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From Steve Pruitt <bpru...@opentext.com>
Subject RE: [EXTERNAL] - Re: starting SolrCloud nodes
Date Mon, 04 Dec 2017 14:33:57 GMT
Thanks.

I edited /etc/default/solr.in.sh to list my ZK hosts and I uncommented ZK_CLIENT_TIMEOUT leaving
the default value of 15000.
I am not sure if I need to set the SOLR_HOST.  This is not a production install, but I am
running with three ZK machines and three Solr machines in the cluster.
The comment states to use it to "exposed to cluster state".  I'm not sure what "cluster state"
means exactly and not sure if the default localhost is ok.

-S

-----Original Message-----
From: Shawn Heisey [mailto:apache@elyograg.org] 
Sent: Friday, December 01, 2017 6:34 PM
To: solr-user@lucene.apache.org
Subject: [EXTERNAL] - Re: starting SolrCloud nodes

On 12/1/2017 10:13 AM, Steve Pruitt wrote:
> Thanks to previous help.  I have a ZK ensemble of three nodes running.  I have uploaded
the config for my collection and the solr.xml file.
> I have Solr installed on three machines.
>
> I think my next steps are:
>
> Start up each Solr instance:  bin/solr start -c -z "zoo1:2181,zoo2:2181,zoo3:2181"  //
I have ZK_Hosts set to my ZK's, but the documentation seems to say I need to provide the list
here to prevent embedded ZK from getting used.

The embedded ZK will only get started if you use the -c option and there is no ZK_HOST variable
and no -z option on the commandline.

If you use both -z and ZK_HOST, then the info I've seen says the -z option will take priority. 
I haven't looked at the script closely enough to confirm, but that would be the most logical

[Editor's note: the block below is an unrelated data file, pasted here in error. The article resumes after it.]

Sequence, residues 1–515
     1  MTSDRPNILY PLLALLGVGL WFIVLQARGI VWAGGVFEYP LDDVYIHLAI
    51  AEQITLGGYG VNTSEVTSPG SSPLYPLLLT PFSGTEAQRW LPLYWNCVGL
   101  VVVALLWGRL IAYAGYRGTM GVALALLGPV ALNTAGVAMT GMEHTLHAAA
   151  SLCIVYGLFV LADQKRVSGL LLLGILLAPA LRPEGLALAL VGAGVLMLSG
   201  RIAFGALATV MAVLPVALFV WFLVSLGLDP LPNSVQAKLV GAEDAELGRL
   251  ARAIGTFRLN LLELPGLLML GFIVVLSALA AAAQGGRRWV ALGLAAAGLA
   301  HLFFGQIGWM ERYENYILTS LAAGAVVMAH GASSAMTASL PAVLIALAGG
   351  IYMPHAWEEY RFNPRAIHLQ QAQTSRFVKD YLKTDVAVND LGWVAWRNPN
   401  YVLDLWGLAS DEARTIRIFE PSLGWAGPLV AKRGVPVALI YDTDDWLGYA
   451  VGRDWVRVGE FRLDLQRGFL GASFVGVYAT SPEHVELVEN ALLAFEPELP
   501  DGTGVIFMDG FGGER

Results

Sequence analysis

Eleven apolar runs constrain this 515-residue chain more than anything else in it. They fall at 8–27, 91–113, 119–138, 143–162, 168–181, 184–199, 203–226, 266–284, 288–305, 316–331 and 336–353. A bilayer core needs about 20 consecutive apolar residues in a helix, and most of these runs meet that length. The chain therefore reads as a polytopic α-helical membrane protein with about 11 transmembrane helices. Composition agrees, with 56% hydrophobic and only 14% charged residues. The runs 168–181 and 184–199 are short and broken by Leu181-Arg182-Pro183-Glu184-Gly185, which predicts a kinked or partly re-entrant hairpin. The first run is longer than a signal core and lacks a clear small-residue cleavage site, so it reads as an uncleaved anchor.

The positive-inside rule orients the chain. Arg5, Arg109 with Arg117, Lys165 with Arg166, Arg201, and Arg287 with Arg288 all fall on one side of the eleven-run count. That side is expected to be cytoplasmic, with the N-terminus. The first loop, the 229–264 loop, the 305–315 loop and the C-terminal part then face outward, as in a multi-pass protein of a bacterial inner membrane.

way to operate, so it's probably correct.

If ZK_HOST is defined or you use the -z option, you do not need to include the -c option when
starting Solr.  SolrCloud mode is assumed when ZK info is available.  The only time the
-c option is *required* is when you want to start the embedded zookeeper.  Having the option
won't hurt anything, though.

To start a solr *service* in cloud mode, all you need is to add ZK_HOST to /etc/default/XXXX.in.sh,
where XXXX is the service name, which defaults to solr.

> From one of the Solr instances create a collection:
> bin/solr create -c nameofuploadedconfig -s 3 -rf 2     //for example.

Nitpick:  The -c option on the create command is the name of the collection.  To specify
the name of the uploaded config, if it happens to be different from the collection name, use
the -n option.  You can use the -d option to point at a config on disk, and it will be uploaded
to a config in zookeeper named after the -n option or the collection. The collection name
and the config name are not required to match.  You can use the same config for multiple
collections.

> The documentation I think implies that all of the Solr instances are automatically set
with the collection.  There is no further action at this point?

Solr will make an automatic decision as to which nodes will be used to hold the collection. 
If you use the Collections API directly rather than the commandline, you can give Solr an
explicit list of nodes to use.  Without the explicit list, Solr will spread the collection
across the cluster as widely as it can.

https://urldefense.proofpoint.com/v2/url?u=https-3A__lucene.apache.org_solr_guide_6-5F6_collections-2Dapi.html-23CollectionsAPI-2Dcreate&d=DwIDaQ&c=ZgVRmm3mf2P1-XDAyDsu4A&r=ksx9qnQFG3QvxkP54EBPEzv1HHDjlk-MFO-7EONGCtY&m=y01KP5ZxH3grjfa0RoKxcEYEdhqcrmPikTmVLbotY6g&s=fnzfx6DkM_sSrLrRbVVxXceLNfqCC_w7eiiASQsG9S8&e=

The "bin/solr create" command, when used on SolrCloud, just makes an HTTP request to the Collections
API, unless you use the -d option, in which case it will upload a config to zookeeper before
calling the Collections API.

Thanks,
Shawn

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